The Biden administration talks a great game about conservation, but is intentionally misleading Americans about their agenda.
Take the 30X30 push.
Stemming from a January 27th Executive Order 14008 entitled “Tackling the Climate Crisis at Home and Abroad,” Biden’s Interior Department has pledged to “protect” 30 percent of lands and water by 2030 through their “America the Beautiful” plan.
While nice-sounding on the surface, many questions remain. Why is true conservation not clearly defined? What’s the federal government’s role here? And do we already conserve 30 percent of waters and lands in the U.S.?
That’s what the jointly-released “Western Conservation Priorities” plan from the Senate and Congressional Western Caucuses aims to clarify.
America Already Conserves 30% of Lands and Waters
After being unveiled in May, “America the Beautiful” pledged to foster a “collaborative and inclusive approach to conservation” at the local level. It also promised to safeguard and protect private property rights.
But what about their 30X30 goal by 2030?
The Biden administration claims only 12 percent of federal public lands and waters are currently protected. Is this heavily-cited figure accurate? Quite the contrary.
As I noted at Independent Women’s Forum’s blog last week, the U.S. currently protects over 40 percent of waters and lands for “long-term protection of biodiversity”:
"According to the Western Conservation Principles report, over 30 percent of public waters and lands are already federally protected. They drew this figure from the U.S. Geological Survey’s Gap Analysis Project (GAP) on the Protected Areas Database of the U.S (PADUS).
Using available data on public lands comprising the Bureau of Land Management, National Park Service, U.S. Fishing and Wildlife, and U.S. Forest Service, here’s how much land is federally protected from any activity: 252,758,091 of 622,630,476 total acres. That comes out to 40.6 percent, not 12 percent."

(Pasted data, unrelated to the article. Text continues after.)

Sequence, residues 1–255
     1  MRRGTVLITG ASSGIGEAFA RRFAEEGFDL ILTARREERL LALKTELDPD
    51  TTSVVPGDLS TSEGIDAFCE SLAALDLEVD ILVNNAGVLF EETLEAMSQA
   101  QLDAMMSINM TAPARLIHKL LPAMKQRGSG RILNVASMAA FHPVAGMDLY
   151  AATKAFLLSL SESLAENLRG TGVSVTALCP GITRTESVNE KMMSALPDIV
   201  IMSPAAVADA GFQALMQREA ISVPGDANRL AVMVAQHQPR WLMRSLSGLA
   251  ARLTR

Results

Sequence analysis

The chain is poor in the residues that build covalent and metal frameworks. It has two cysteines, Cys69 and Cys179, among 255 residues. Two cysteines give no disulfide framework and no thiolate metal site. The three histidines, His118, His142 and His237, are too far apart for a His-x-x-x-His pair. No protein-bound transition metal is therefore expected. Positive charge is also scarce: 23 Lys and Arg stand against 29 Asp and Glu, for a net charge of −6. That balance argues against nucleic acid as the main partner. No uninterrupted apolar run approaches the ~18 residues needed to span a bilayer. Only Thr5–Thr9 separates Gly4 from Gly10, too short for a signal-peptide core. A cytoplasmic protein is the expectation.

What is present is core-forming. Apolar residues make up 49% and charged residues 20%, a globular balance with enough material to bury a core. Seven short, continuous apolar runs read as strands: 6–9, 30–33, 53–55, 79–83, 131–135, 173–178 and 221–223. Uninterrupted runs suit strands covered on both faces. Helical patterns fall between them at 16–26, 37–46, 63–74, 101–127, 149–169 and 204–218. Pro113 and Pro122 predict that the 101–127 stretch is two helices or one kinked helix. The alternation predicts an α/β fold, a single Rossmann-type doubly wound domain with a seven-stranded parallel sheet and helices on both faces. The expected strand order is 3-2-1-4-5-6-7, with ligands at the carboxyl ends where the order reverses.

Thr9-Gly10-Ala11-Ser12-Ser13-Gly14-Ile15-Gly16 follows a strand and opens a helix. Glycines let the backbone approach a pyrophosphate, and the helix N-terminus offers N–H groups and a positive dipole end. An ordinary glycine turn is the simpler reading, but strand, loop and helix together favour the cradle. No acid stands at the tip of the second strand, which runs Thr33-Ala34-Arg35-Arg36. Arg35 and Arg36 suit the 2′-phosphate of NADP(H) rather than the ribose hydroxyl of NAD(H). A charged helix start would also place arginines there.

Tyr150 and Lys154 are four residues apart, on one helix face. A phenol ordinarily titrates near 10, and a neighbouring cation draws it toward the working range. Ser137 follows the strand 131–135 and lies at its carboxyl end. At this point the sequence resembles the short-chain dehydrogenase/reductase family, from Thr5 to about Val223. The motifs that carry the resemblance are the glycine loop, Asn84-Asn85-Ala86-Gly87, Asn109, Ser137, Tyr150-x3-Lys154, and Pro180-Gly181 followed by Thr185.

Congressional Western Caucus Chairman Dan Newhouse, a Republican representing Washington’s 4th Congressional District, told me the federal government could harm conservation efforts going forward if they proceed with 30X30.
“There should always be a little bit of a concern when the federal government says, ‘We're coming and we're here to help,’” said Rep. Newhouse. “We're concerned that they're looking at ways that they can essentially lock up and throw away the key to many of the lands in the western United States.”
“In fact, we already have more than 30% of the lands in the United States under some kind of conservation program,” he added. “It really does concern us when the federal government says, ‘Hey, we're going to come in and preserve 30% of the country.’ What does that mean? What does that mean to private property rights? What does that mean to the work that's already being done?”
What True Conservation Solutions Actually Look Like
“Pursuing a preservationist approach relying upon a subjective “conservation status” fails to reassure Westerners and rural communities that this initiative isn’t a guise to restrict use or access on public land,” the Western Conservation Principles report said of “America the Beautiful.”
Rather, the Senate and Congressional Western Caucuses support a “holistic approach” to conservation—not inaction or “preservation”—on public lands.
Senator Steve Daines (R-MT), a leading conservative conservationist, is confident their alternative will gain traction.
“Conservation is part of our Montana way of life—we know how to be good stewards of our lands,” Daines said in a press release. “I believe it’s a conservative principle to conserve. That’s why I’m pushing a new ‘Western Conservation Principles’ initiative that uses science-based, time-tested, locally-driven practices to bring about meaningful conservation outcomes, unlike President Biden’s vague 30x30 initiative.”
“We absolutely are concerned that's the direction the federal government wants to go: limit access, limit activity, limit working lands,” Rep. Newhouse continued. “You can conserve and also preserve working lands. They're not mutually exclusive; they can go hand-in-hand.”
Their top priorities include proactive forest management, combating invasive species, Superfund site cleanups, increased visitation to America’s public lands, species recovery, among others listed. The lawmakers also recommend the Biden administration leverage existing private-public partnerships, reform environmental review, and stop “sue and settle” litigation, for example.
Conservation is wise use of natural resources, while preservation calls for no use.
The preservationist Left deliberately conflates the two environmental strains with one another. As a result, confusion abounds and misinformation prevails.
What can conservatives and those skeptical of the Biden administration’s 30X30 plan do? Champion the policies and recommendations espoused by the Western Conservation Principles plan and their Congressional backers.
Interested readers can go here to read the 30x30 alternative.